A month ago I was in Arizona where I got a sun burn from swimming in the pool without wearing sunscreen. Just last week I was looking outside and watching the snow glisten off the top of our fence. Tomorrow, it will probably be 70 degrees outside. My question to you:
Have you ever actually changed travel plans or family activities based on what happened with the stupid Ground Hog?I sure hope not! I’ve decided that Ground Hog day is a scam and I’m wondering what is the hidden agenda behind this stupid holiday. Any ideas? This weather rant doesn’t have much to do with the title or content of this post, but hopefully it gets you thinking about BUSINESS PLANNING and causes you to ask yourself the question “Who really is in charge of planning out my day?” There are a few reasons I want to share information on business planning with you today: Reason #1 – Many newbies to the world of online marketing think about “Business Plans” and it scares them so bad that they never move forward. Reason #2 – A business plan isn’t what it used to be, especially for an online entrepreneur who has to deal with an ever-evolving world of Google changes, Facebook flops, and Twitter Success Stories. Reason #3 – I’ve realized through the school of hard-knocks that if you “fail to plan, you plan to fail”. Luckily failure is an important part of success, but the most successful people I know recover from their failures pretty quickly. Reason #4 – One of my favorite online entrepreneurs, Brian Clark, had some great feedback about business plans that I agreed with 100%. First question then:
Does an Online Entrepreneur Need a Business Plan?Here’s what Brian Clark thinks about business plans:
I’ve never written [a business plan]. With the kind of businesses I start, that are 100% powered by online marketing, it’s a little bit different. Doing a business plan is not really helpful… You don’t really need any outside money to get rolling. That doesn’t mean you don’t do business planning. Setting projections is really kind of a waste of time, though.You’ll notice that Brian said business plans are not very helpful. However, he also said that it doesn’t mean you don’t do business planning. So what does he mean? Personally, I’ve never written a formal business plan either, but I do practice “business planning” in the form of goal setting: I write Outcome Goals and Performance Goals.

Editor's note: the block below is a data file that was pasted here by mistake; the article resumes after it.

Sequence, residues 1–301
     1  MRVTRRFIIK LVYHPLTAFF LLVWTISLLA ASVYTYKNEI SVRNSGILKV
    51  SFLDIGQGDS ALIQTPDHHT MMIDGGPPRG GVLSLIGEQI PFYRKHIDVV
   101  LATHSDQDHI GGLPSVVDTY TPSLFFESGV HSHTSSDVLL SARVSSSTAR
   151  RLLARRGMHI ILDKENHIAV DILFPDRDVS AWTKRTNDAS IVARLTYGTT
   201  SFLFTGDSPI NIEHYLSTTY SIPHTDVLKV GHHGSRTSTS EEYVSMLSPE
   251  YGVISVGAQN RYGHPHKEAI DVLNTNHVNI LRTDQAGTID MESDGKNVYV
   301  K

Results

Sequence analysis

What’s the difference between Outcome and Performance Goals?
This is a question I had as I did research about setting and achieving goals as a self-employed entrepreneur. Of course, like you, I want outcomes: results, money in the bank. But before that happens I’ve realized that I have to take the necessary steps to get everything in place. This is where “Performance Goals” come in to the picture (aka “Business Planning). Here’s an example of how I “business plan” with performance and outcome goals: Outcome Goal: Make $100,000 this year with my online business. Let’s break it down:
- To make $100,000 this year, assuming I start today, Thursday, March 31st, means I have 9 months.
- $100K / 9 months = $11,111.11 per month
- $100K / 39 weeks = $2,564.10 per week
- 39 weeks X 5 business days = 195 business days
- $100K / 195 business days = $512.82 per day
- $100K / 3 Quarters = $33,333.33 per quarter
“How much control do I have of that outcome – to make $512.82 per day?”If you’re answer is “I don’t know…” that’s not necessarily the wrong answer. However, I’ve come to the conclusion that there ARE things I can do every day that will improve the likelihood of hitting these specific goals. What are they?
- Phone calls
- Weekly or daily promotions
- Testing different wording strategies
- Client feedback and referral systems
- Offline marketing
- Joint ventures
“How much control do I have of [these] outcomes?”All the control! AND, how much control do I have of keeping track of what I do on a daily basis? All the control! I can set a goal to make X amount of phone calls today and send Y amount of emails to my database. Then, after doing these things, I can monitor my progress. Maybe today I called 20 people and 5 of them purchased for an average of $50. That means 25% of my contacts purchased something and I made about $250 today. If I contact 50 people tomorrow I have a chance to sell to 12.5 people for about $625 in sales. The numbers won’t always be perfect every day, but by keeping track of my progress (what was working, what didn’t seem to work), I can then duplicate my successes more and more and more (and hopefully eliminate the things that aren’t working)!